This Week in Federal Contracting – February 12, 2018

This Week in Federal Contracting – February 12, 2018

In this week’s Federal Contracting News Roundup, we are looking at:

  • Top growth sectors for state and local government in Q4 2017
  • Updates to the GSA’s procurement process
  • The Pentagon’s efforts to work with more secure contractors

Below are some recent headlines of which the federal contracting community should be aware:

Top State and Local Government Contracting Growth Industries for Q4 2017

Onvia recently shared an infographic detailing industries seeing the most growth in Q4 2017, signaling industries that will likely provide strong opportunities for government contractors. The industries included in the infographic are environmental sciences, financial services and insurance, water and energy, and professional business services.

According to Onvia’s overview of the findings, “The State & Local Procurement Snapshot for Q4 2017, the state, local and education (SLED) market surged ahead it the last quarter with an overall 5.5% year-over-year growth rate.”

Read the whole report here.

New GSA administrator seeks to shine light where the shadows of federal procurement live

Jason Miller at Federal News Radio spoke with GSA Administrator Emily Murphy about her ongoing efforts to make the procurement process in the GSA and the government as a whole more transparent.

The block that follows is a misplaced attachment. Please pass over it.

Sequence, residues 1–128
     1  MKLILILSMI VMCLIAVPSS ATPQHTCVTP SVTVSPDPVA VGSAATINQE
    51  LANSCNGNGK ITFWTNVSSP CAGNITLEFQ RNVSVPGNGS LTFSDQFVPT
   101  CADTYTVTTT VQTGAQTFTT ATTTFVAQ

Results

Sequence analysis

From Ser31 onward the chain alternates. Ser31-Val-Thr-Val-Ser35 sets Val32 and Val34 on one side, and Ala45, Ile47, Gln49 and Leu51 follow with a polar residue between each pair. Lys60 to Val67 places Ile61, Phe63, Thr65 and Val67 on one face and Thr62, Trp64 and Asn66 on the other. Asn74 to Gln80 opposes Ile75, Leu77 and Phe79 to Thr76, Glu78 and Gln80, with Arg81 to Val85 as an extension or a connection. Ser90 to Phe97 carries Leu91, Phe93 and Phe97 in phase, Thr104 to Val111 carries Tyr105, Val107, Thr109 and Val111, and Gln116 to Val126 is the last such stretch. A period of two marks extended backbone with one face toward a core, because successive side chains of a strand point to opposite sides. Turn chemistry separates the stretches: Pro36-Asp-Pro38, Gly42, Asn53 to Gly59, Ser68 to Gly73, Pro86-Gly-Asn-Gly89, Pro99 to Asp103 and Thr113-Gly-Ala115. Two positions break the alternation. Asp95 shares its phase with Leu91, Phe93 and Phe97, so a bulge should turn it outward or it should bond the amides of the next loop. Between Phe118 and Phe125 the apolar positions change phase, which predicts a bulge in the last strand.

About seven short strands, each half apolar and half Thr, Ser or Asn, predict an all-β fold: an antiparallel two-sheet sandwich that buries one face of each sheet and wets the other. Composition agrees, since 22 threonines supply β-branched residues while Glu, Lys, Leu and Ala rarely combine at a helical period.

Miller reported, “Since its inception, GSA’s schedules program has been hidden behind a wall where only vendors with a contract could see the solicitations and awards. The lack of transparency about what happens on those ‘members-only’ contracts has frustrated good government groups, the media and vendors who aren’t on the contracts, but may want to join.”

Listen to the whole conversation here.

Pentagon Warns CEOs: Protect Your Data or Lose Our Contracts

The Pentagon is urging federal contractors to better protect DoD data or risk losing business, according to a recent GovExec article by Marcus Weisgerber. With the bar being raised for data security, this could become a major differentiator for defense contractors in the future.

“The culture we need to get to is that we’re going to defend ourselves and that … we want the bar to be so high that it becomes a condition of doing business,” Deputy Defense Secretary Patrick Shanahan said at an industry conference sponsored by the AFCEA and the U.S. Naval Institute.

Read the whole story here.